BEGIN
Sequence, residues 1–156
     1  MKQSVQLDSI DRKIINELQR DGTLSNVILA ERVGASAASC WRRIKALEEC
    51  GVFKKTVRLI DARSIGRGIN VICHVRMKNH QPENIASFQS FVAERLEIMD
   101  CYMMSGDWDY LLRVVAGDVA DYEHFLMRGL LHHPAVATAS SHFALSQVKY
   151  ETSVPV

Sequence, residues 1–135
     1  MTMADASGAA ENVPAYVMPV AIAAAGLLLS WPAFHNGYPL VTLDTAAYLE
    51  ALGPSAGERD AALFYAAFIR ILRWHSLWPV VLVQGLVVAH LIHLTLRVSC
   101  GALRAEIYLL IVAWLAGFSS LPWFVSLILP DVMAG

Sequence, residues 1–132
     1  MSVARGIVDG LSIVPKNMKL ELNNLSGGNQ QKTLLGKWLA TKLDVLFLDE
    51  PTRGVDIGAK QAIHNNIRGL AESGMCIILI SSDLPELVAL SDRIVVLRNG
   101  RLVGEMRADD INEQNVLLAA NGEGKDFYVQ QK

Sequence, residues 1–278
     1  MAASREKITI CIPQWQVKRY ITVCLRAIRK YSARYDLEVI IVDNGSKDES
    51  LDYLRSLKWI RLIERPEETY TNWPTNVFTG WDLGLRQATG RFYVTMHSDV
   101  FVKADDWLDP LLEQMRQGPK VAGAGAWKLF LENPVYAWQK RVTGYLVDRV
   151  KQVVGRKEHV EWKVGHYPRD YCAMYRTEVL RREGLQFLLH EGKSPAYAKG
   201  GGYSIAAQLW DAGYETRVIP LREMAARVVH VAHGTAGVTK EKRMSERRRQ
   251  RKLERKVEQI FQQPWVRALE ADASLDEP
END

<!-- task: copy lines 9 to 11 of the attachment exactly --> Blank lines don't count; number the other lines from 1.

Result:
   101  GALRAEIYLL IVAWLAGFSS LPWFVSLILP DVMAG

Sequence, residues 1–132
     1  MSVARGIVDG LSIVPKNMKL ELNNLSGGNQ QKTLLGKWLA TKLDVLFLDE